The big split in Iowa Republican tactics

RED OAK — What a difference 50,000 voter registrations make.

In Iowa’s 4th Congressional district, GOP Rep. Steve King is merrily pounding away on his favorite themes: opposition to immigration reform, the lawlessness of the president and Obamacare.

His language is intended to rile the base and ensure Republicans come out to vote in November when he faces Democratic newcomer Jim Mowrer.

Republicans have a 50,000-voter edge in registrations in the 4th district.

King departs from conservative orthodoxy on local issues such as ethanol and wind subsidies, but that is expected of an Iowa Republican.

He sees no need to bend, in the slightest, toward the center on anything else.

Just to the south in the 3rd district, the latest figures show Republicans have a 7,000-voter edge in registration.

That’s down from about 15,000 in 2012 — and Barack Obama still carried the district twice.

Now, Democrats are putting up a well-funded candidate in a high-profile bid to pull this House seat into their column.

The incumbent, six-term Republican Rep. Tom Latham, is retiring at the end of the year.

“We have the general election rated ‘toss-up,’ ” said Stuart Rothenberg of the nonpartisan Rothenberg Political Report in Washington, D.C.

“And yes,” Rothenberg said, “that makes it one of the Democrats’ best takeover opportunities.”

Staci Appel, the former state senator, has unified support within her party and the backing of national groups like EMILY’s List and the American Federation of State, County and Municipal Employees.

Even though she lost her Senate seat in the GOP wave of 2010, Appel is a formidable opponent.

She would be even more formidable if the Republican candidates play too noisily to their base voters, and if the six-candidate field for the GOP nomination spends too much time infighting.

The Republican candidates seem to get this point, and their rhetoric and messages reflect that.

At a candidate forum in Red Oak on Saturday, the Republicans made clear their dislike for Obamacare but, most tellingly, they didn’t push one another to the right on this or any other issue.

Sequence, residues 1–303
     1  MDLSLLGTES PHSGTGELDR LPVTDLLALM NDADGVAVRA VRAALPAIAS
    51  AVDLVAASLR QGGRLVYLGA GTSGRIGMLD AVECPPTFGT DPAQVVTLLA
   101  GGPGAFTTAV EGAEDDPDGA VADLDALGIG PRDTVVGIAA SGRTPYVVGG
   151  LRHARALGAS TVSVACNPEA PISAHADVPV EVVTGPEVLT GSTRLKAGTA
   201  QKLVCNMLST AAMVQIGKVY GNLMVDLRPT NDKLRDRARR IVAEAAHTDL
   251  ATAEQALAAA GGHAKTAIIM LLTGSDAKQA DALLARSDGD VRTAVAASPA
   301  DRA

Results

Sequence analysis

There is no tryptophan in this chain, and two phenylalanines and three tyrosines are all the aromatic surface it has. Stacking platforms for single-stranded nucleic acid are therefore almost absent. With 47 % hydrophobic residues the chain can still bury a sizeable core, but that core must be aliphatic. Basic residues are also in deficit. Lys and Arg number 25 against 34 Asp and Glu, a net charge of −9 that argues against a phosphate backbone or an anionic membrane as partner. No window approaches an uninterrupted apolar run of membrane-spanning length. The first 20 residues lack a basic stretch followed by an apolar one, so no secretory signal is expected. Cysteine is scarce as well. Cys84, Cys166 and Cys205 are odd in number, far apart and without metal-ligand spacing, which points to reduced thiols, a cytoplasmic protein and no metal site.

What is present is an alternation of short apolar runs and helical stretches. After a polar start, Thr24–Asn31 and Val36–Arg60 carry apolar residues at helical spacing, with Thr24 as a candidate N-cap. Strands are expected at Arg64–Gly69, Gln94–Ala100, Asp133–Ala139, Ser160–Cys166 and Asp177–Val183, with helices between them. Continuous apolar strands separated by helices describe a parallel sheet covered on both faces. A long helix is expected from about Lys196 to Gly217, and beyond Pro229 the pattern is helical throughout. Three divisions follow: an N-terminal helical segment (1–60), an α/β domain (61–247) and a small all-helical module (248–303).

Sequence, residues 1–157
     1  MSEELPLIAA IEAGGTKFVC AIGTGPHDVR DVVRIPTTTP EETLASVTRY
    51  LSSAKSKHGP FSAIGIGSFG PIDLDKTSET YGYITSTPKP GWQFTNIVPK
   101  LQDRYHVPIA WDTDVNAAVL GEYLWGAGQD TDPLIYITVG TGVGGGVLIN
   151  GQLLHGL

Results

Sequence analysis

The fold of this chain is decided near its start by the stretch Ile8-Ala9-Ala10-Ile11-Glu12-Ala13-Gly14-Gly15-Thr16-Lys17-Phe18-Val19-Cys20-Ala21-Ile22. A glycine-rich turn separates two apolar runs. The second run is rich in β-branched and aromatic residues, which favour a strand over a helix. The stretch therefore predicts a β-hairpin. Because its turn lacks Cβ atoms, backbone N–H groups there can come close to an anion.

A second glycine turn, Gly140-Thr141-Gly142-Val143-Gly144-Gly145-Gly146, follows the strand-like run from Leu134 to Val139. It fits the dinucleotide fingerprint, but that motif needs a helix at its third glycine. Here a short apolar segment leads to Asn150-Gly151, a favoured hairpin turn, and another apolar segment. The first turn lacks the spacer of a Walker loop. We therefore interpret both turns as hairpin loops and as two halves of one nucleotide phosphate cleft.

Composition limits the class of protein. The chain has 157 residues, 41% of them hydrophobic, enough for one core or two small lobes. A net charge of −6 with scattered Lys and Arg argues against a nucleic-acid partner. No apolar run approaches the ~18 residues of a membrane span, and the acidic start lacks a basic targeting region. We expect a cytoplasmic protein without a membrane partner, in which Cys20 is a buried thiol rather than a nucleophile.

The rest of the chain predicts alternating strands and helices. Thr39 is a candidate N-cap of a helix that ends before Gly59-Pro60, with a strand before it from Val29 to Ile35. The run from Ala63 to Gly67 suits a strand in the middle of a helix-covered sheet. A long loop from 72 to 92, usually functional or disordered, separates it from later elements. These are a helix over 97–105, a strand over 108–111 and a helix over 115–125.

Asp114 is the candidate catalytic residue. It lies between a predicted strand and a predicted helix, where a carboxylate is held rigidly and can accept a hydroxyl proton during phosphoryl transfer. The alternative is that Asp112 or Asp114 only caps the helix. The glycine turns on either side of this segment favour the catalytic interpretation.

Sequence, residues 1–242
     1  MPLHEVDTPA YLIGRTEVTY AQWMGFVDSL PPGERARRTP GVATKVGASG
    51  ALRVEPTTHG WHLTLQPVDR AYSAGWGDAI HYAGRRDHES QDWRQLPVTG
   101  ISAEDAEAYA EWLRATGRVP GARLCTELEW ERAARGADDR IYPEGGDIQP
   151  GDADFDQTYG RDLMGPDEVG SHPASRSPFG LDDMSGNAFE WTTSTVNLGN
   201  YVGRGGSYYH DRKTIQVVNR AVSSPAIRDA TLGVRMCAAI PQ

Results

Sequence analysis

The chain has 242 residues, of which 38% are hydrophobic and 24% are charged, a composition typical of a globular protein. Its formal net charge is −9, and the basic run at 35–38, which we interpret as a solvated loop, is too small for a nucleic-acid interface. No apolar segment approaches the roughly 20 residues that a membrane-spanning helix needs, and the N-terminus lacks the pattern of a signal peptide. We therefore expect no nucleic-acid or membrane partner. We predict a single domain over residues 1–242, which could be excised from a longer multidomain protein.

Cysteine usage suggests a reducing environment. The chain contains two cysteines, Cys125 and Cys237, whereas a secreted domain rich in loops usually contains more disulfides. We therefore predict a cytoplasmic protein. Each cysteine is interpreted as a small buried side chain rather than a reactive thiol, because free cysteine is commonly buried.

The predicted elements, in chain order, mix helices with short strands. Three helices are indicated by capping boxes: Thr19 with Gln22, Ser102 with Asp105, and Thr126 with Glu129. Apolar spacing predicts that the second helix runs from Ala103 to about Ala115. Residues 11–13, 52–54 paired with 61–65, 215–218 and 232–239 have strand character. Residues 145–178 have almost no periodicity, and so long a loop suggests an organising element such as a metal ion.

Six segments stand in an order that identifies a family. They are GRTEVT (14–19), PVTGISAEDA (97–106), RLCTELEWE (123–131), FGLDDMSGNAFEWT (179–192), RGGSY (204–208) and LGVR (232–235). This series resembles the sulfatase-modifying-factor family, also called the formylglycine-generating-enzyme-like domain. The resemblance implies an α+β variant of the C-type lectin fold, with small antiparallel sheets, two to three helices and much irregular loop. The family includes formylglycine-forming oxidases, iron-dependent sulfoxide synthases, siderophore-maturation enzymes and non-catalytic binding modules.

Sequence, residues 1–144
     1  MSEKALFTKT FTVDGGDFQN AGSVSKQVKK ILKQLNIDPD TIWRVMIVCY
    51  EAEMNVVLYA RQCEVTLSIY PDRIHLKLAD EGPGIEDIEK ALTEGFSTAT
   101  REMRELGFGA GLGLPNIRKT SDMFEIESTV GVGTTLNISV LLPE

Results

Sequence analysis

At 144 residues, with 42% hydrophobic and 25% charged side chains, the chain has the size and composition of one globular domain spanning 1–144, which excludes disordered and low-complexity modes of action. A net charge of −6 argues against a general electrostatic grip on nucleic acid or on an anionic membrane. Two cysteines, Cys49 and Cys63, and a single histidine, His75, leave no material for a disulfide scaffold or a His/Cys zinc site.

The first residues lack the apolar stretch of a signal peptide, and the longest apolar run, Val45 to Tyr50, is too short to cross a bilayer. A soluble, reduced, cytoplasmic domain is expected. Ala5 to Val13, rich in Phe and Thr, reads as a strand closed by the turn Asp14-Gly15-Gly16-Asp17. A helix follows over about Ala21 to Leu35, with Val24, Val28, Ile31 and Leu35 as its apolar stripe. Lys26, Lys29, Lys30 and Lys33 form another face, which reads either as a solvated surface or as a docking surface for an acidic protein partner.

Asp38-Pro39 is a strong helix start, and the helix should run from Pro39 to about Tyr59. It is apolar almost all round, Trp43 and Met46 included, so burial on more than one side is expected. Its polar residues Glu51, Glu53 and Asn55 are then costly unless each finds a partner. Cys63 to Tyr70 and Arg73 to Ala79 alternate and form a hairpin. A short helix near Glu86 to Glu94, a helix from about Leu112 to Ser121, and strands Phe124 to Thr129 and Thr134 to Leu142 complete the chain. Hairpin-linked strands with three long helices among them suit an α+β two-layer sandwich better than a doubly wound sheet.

“We’re all pretty conservative,” Monte Shaw, the head of the Iowa Renewable Fuels Association, told Potomac Watch prior to the debate.

Shaw said John King — Steve’s brother — and former Rep. Greg Ganske are his campaign co-chairs, showing the breadth of his support across the party.

“I’m the only one building a broad-based coalition that will win in November,” he said.

Iowa Secretary of State Matt Schultz, state Sen. Brad Zaun, businessman Robert Cramer and former Chuck Grassley chief of staff Robert Young disagree with that assessment.

But they’re disagreeing in a friendly tone.

The candidates all tout a balanced budget amendment, congressional term limits and repeal of Obamacare.

But they also say they recognize the nature of the district and the strong desire to get things done.

“Bread-and-butter issues” will win in the 3rd district, said former Iowa state House Speaker Brent Siegrist, who moderated the debate — who lost to King in a primary and convention fight over a decade ago.

What a difference a 50,000-voter edge makes in the tone of a race.

Missed opportunities can haunt candidates in different ways.

Republican and Democratic Iowa state House candidates found their way to the Cinco de Mayo celebration in Denison on Saturday.

But neither U.S. Rep. Steve King nor his Democratic challenger Mowrer made it over.

King missed a chance to try to show Latino voters that he’s a good hombre.

But Mowrer missed an opportunity to enlist real voters in what remains an uphill campaign.

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